• Culoclean Portable Bidet (.4 oz.) – This is a small top that you can plug into any standard size soda or water bottle full of water for cleaning your private parts. It’s a lot more hygienic and significantly cuts down on the amount of toilet paper required. I strongly recommended that in the wintertime she keeps the squeeze bottle she’s going to use inside her coat to keep it warm until she needs it. Based on personal experience, having freezing cold water hit your exposed private parts is not a pleasant experience.
  • 8 x coin towels (.8 oz.) – A couple of drops of water will expand these into a nice sized washed cloth. They can also be re-purposed as toilet paper.
  • Toothbrush/Toothpaste (1.3 oz.) – This should be enough for 7 brushings.
  • The Doctor’s BrushPicks (.1 oz.) – For cleaning between brushings. They can be re-used a few times if you clean them, and I took 7 and stored them in a sealed section of plastic drinking straw. She already carries these as part of her daily kit.
  • Sea-To-Summit Wilderness Wash (1.9 oz.) – A small bottle of liquid soap, good for washing pretty much everything (including you).
  • Matador NanoDry Trek Towel (2 oz.) – A small towel for drying off.
  • Female Hygiene Products (?)

Total weight is 6.5 oz., so the new total weight is 9.6 lbs. (153.7 oz.).


There are few tools and pieces of equipment that I consider critical for some tasks as well as making emergency repairs to gear and clothing. Having your backpack or poncho tear or getting a hole in your water bottle can have a significant negative impact on your health & safety.

  • 8′ of 1″ Gorilla tape (.5 oz.) – Folded into a flat pack. This stuff is strong and sticks to almost anything.
  • 3′ of steel wire (.2 oz.) – This is useful for repairs that the microcord or sewing thread can’t handle.
  • Small tube of super glue (DNR) – Another way to make quick repairs. It can also be used for sealing cuts.
  • Gear Aid Tenacious Tape patch (silnylon) (.1 oz.) – For repairing the poncho/tarp.
  • Small sewing kit (.1 oz.) – This is a couple of sewing needles with thread loaded and wrapped around the needle, then stored inside a sealed section of plastic straw. Because some clothing issues may not be fixable with Gorilla tape.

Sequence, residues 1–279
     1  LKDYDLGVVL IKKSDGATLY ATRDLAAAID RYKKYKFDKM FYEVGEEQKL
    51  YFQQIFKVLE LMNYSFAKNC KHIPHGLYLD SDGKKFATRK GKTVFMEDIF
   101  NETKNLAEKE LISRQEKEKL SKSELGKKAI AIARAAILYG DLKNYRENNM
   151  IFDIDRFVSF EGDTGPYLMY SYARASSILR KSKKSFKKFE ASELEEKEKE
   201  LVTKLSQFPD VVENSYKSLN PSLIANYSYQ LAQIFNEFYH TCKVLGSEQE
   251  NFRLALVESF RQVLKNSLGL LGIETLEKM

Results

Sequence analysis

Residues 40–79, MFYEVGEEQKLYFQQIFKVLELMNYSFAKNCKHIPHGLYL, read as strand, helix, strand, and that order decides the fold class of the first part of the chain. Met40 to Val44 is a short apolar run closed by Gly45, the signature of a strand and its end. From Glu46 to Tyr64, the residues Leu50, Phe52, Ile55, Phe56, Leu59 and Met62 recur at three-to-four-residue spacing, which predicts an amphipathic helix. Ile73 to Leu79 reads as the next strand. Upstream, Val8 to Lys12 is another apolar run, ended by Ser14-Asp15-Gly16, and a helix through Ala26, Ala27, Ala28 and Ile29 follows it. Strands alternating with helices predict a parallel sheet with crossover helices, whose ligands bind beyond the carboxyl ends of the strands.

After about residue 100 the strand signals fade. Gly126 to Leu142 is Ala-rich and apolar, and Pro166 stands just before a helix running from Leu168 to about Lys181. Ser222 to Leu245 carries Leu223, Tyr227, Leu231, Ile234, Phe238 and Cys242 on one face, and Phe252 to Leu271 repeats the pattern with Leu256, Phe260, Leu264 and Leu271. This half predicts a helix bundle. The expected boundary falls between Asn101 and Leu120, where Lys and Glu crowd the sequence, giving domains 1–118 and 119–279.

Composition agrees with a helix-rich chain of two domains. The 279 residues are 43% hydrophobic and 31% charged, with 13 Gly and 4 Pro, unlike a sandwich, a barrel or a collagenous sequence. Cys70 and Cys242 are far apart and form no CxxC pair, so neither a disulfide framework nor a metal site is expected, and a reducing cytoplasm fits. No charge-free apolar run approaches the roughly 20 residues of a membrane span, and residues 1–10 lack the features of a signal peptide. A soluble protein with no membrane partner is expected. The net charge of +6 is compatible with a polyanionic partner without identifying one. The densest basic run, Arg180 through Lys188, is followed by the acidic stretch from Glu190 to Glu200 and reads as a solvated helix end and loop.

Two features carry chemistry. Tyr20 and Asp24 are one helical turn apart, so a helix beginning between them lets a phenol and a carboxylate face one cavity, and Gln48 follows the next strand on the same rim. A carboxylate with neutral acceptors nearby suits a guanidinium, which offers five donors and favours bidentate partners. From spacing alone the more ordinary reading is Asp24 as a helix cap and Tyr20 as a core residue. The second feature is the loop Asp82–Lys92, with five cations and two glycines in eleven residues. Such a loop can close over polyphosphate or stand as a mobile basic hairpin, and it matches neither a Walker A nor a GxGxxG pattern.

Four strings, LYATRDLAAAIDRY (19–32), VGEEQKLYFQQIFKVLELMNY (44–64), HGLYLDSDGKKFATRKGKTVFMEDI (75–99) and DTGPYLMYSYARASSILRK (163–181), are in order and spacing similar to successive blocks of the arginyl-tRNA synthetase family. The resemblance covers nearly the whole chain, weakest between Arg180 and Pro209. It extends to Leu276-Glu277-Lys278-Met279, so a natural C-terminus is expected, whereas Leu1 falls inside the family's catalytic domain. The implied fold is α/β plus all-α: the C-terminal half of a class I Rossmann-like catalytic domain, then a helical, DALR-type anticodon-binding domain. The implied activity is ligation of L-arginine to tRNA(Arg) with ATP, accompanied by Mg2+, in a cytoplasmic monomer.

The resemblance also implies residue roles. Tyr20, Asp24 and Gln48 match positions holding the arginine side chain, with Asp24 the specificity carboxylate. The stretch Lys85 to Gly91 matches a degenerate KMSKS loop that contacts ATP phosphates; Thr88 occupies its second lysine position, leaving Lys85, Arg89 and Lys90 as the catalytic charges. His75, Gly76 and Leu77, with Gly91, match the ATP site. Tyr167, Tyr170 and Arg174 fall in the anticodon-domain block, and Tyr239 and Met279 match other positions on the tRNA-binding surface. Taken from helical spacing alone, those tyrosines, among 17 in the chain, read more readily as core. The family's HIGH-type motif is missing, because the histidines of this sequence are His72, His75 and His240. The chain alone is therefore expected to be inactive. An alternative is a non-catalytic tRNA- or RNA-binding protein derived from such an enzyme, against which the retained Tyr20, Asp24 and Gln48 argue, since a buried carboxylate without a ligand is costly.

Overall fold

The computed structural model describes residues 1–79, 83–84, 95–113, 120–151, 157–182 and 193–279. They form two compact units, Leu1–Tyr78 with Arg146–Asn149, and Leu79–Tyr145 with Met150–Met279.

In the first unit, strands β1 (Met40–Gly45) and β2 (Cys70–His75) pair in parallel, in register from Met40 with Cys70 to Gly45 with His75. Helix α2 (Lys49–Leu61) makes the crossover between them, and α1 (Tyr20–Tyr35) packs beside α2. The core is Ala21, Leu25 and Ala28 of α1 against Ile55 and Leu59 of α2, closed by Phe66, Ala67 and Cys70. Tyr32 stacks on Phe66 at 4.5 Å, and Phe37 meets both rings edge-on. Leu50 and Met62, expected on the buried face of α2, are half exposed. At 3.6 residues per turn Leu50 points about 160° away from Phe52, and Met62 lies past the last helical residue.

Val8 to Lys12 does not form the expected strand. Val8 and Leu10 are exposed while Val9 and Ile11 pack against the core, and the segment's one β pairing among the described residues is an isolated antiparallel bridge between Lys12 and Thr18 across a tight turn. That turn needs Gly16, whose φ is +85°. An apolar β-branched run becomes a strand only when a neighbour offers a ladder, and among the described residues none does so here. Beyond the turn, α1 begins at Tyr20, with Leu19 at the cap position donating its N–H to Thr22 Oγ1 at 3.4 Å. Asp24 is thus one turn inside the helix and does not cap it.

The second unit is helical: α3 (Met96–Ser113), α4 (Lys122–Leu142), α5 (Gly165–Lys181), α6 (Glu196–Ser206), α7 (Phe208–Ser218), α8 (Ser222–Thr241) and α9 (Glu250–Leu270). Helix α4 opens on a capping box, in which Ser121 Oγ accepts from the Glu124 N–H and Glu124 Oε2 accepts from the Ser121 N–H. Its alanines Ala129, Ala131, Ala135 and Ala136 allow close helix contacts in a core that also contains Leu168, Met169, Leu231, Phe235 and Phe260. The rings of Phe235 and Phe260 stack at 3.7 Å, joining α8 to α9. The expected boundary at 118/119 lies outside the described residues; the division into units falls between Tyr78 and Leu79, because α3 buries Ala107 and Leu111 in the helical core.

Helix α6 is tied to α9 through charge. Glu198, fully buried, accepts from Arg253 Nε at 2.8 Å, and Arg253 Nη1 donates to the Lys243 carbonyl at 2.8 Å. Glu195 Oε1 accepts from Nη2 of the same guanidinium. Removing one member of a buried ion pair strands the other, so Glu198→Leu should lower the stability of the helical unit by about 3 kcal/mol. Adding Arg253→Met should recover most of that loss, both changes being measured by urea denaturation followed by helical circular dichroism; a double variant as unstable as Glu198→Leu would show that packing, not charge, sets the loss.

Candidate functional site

• Fenix LD15R flashlight (1.7 oz.) – This is the best mix of lumens, size, modes, weight and battery life I could find with a built-in USB charger so she doesn’t have to carry a separate battery charger. It provides a maximum of 500 lumens in Turbo mode, a maximum run time of 100 hours in low and 30 hours with red. It has a nice clip and a magnetic base so it’s easy to attach where you need it.
  • Petzl e+LITE 50 (1 oz.) – This is the 50 lumen version and complements the Fenix flashlight by providing hands-free light, which can be critical if you need to perform first aid on yourself in the dark. Since first aid is its critical use case I put it in her medical module bag. It can be stored up to 10 years without any battery drain due to the mechanical lockout switch and provides a maximum of 50 lumens, a runtime of 9 hours on low and 15 hours on red. A spare CR2032 battery can be easily carried wrapped in tape.
  • Anker PowerCore 10000mAh Power Bank (6.35 oz.) – I had her replace her old USB battery bank with this one, which should provide enough recharges for her electronics for a 7 day trip (depending on use, of course). She’ll also need a short USB-C charging cable (for her phone) and a USB-C to MicroUSB adapter (to charge the Fenix flashlight). I did a rough power budget analysis and this should provide one full recharge for her phone, the Fenix LD15R flashlight, and one or more additional electronic devices (as discussed later).
  • 2 x Small Carabiner (.2 oz.) – These are useful for a lot of different things so I thought I’d add a couple of extra ones.
  • 3 x 12 Hour Glow Sticks (2.4 oz.) – These are useful in a lot of emergency scenarios and can save battery life on the flashlights. I recommended she carry one of these in the front outside pocket of her backpack in case she needs quick access to light in an emergency.

Total weight for this part of the module is .95 lbs. (15.35 oz.), so the new running total is 10.6 lbs. (169.05 oz.) One thing she asked me about was the possibility of adding a solar charger – I told her that I felt the power bank should get her through 7 days with moderate use of her electronics, but if she insisted the lightest solar charger I know of is Solar Paper from Yolk Station, which weighs around 5 oz. for the 5W unit. It’s also modular, so you can add additional 2.5W panels on at 2.3 oz. each for up to 15W.

(To be continued, in Part 4.)